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[WSS18] A New Kind of Chess

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Summary & Objectives

The rules of chess have been perfected for more than a millennia to ensure an exciting game every time. These relatively simple rules are capable of producing very interesting and complex dynamics that deserve to be studied in their own rights, not just merely for competition purposes. This project aims at laying down the formalism to capture the game of chess as well as many other board and card games. In accordance with this formalism, a Mathematica chess package has been developed which creates, displays, and evolves a ChessState object using ChessState, ChessPlot, and ChessEvolve functions.

ChessPlot enables the user to provide options such as setting board color set, displaying coordinates, rotating point of view, or extracting MatrixForm of a ChessState.

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In addition, a list of rule functions is provided which take in a ChessState and output all the possible moves in accordance with the rule they represent.

With this setup, the user is able to setup any ChessEvaluate function and explore the chess space. This open-ended chess design also enables the user to modify the rules with ease so they can explore chess variations such as antichess, atomic chess, and others (see for more examples).


Many board/card games may be represented using an association where coordinates in the game are associated with states. Specifically for chess, we can write:

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Which can be encapsulated in a wrapper for aesthetic reasons as well as additional functionalities that help the user to extract the state of a coordinate using different notations (e.g. "e1", {rank, file} = {1, 5}).

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In order to avoid referring to previous states of the game, auxiliary (as in not part of the board) has been added. For instance, if a pawn may be captured via En passant, it's coordinate will be mentioned. As another example, if the rooks or the king move, the opportunity of castling will be revoked. White and black cemeteries are there to keep track of captured pieces. Turn switches between White and Black after each move. The game ends when the Result is set to "1/2-1/2", "1-0", or "0-1".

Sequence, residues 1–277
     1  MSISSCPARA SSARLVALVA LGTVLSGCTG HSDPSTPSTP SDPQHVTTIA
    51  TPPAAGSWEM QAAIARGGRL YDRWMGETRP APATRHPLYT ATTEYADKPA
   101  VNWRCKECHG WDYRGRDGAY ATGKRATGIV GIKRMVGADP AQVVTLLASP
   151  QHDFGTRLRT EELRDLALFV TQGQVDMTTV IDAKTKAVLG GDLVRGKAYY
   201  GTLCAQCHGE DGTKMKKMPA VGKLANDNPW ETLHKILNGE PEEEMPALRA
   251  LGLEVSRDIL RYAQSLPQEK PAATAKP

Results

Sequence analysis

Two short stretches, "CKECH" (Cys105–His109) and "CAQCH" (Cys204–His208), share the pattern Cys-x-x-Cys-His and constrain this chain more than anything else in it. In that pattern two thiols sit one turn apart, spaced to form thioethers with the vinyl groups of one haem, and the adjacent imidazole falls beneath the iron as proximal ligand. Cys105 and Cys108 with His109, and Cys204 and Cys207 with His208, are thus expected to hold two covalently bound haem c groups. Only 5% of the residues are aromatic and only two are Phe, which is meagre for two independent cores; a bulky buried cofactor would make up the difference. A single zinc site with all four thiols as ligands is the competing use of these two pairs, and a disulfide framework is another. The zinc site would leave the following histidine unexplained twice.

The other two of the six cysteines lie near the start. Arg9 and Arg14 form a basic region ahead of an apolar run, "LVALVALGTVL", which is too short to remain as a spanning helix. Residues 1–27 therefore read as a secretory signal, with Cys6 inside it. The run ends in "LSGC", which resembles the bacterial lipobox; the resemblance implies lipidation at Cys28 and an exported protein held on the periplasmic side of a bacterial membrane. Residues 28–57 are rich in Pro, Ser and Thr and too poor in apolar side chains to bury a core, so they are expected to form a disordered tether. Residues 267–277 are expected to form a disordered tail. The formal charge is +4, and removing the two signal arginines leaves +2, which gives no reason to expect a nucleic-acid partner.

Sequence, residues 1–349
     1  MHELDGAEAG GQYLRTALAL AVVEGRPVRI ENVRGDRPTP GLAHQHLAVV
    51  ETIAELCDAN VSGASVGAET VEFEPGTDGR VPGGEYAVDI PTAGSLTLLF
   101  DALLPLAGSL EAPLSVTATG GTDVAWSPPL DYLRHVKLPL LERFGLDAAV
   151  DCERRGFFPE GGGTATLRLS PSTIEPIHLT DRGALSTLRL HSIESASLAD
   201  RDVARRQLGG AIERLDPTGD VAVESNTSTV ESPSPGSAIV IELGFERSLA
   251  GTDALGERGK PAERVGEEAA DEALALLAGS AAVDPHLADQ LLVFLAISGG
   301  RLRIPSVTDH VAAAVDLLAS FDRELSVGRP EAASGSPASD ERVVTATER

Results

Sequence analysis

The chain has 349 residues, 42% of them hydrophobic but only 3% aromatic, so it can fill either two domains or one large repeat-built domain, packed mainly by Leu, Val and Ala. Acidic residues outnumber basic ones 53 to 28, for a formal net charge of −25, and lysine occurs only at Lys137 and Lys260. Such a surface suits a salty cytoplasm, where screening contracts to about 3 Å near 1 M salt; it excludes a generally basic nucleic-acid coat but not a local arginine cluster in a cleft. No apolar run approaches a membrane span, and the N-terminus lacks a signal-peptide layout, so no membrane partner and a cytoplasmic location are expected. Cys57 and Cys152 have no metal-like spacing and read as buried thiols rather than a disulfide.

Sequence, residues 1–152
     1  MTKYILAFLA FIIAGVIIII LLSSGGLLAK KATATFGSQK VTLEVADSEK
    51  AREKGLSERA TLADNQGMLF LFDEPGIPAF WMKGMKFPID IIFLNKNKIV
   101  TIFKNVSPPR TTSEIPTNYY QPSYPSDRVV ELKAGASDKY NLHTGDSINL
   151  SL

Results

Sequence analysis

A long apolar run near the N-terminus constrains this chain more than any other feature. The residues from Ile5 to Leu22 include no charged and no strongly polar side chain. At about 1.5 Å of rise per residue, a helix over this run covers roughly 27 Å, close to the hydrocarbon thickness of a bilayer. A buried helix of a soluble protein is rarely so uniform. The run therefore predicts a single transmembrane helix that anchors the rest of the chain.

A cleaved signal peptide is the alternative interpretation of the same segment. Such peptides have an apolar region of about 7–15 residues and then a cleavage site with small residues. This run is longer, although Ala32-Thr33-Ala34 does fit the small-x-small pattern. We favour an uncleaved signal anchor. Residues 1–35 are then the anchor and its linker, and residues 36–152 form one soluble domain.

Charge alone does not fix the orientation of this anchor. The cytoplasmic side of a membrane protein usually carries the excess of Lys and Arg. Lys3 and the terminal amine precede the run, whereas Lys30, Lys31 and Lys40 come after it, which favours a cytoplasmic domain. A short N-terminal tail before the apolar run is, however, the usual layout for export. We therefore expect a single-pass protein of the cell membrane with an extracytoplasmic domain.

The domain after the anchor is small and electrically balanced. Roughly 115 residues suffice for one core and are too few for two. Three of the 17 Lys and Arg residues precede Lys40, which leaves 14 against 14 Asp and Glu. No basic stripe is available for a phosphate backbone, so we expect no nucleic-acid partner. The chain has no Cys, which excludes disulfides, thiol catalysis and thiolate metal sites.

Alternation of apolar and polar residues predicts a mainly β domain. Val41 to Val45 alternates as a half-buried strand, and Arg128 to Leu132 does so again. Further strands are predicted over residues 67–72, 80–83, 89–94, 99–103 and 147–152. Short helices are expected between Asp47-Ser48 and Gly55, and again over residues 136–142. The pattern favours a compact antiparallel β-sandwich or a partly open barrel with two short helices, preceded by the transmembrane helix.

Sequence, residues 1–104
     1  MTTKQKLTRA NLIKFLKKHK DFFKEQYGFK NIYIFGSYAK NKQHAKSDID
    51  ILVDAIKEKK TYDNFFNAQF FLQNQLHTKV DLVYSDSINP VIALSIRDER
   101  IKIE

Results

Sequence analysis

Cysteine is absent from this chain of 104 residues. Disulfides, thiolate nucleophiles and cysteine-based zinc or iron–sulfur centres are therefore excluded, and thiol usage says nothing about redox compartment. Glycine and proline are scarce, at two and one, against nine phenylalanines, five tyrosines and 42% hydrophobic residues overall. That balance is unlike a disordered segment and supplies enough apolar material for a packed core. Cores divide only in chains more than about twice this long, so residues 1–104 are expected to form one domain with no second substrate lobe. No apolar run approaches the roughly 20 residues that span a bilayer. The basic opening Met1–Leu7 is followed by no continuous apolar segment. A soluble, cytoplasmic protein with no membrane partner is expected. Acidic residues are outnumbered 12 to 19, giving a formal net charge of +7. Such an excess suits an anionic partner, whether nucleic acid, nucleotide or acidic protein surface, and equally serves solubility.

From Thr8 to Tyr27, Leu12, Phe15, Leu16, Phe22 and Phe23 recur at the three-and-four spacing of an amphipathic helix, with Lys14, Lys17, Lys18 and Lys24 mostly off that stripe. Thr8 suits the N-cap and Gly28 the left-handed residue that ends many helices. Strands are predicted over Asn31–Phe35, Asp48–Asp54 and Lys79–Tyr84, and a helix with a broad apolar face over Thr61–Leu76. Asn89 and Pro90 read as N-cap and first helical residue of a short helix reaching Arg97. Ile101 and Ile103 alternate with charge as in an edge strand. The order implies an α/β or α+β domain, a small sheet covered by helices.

A Move $=$ A Set of Actions

A move is a list of actions. For instance, the move of a white pawn at a7 capturing a rook at b8 and becoming a queen may be represented as {a7 → ♔ , ♜ → BlackCemetery, b8 → ♕ }.

Mathematical Formulation of Chess Rules

If we want to develop a chess algorithm, we should list all the rules pseudo-mathematically as such: enter image description here

(Forgive me for mistakes and for using an image instead of typing it. I will try to write this up more clearly at a later time)

Game Rules $=$ Exhaustive Move Generators

I have used the rules expressed above to create functions that intake a ChessState and output all the possible moves in accordance with the rules. For instance, an exhaustive move generator for knights in Mathematica would look like this:

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Be aware that not all rules might have been implemented as of the time you are reading this post.

Code on GitHub

You can find my code on GitHub. You can either import chess.m as a package or use Notebook01.nb for code, documentation, and demonstrations. The following is the link to GitHub but be aware that I am planning to move this to a new GitHub location (before Jan 2019). If that happens, I'll update this link.

5 Replies

Milad, I have a question. Would you be able to post your code in WL code for us?

Thanks, Eleazar

Posted 4 years ago

It looks like he added a github link at the bottom with the code!

POSTED BY: Sean Cheren

Thanks for letting me know about that Sean!

Thanks for the demonstration Milad! Wonderful work.

Great Job Milad!

POSTED BY: Romano Domenico
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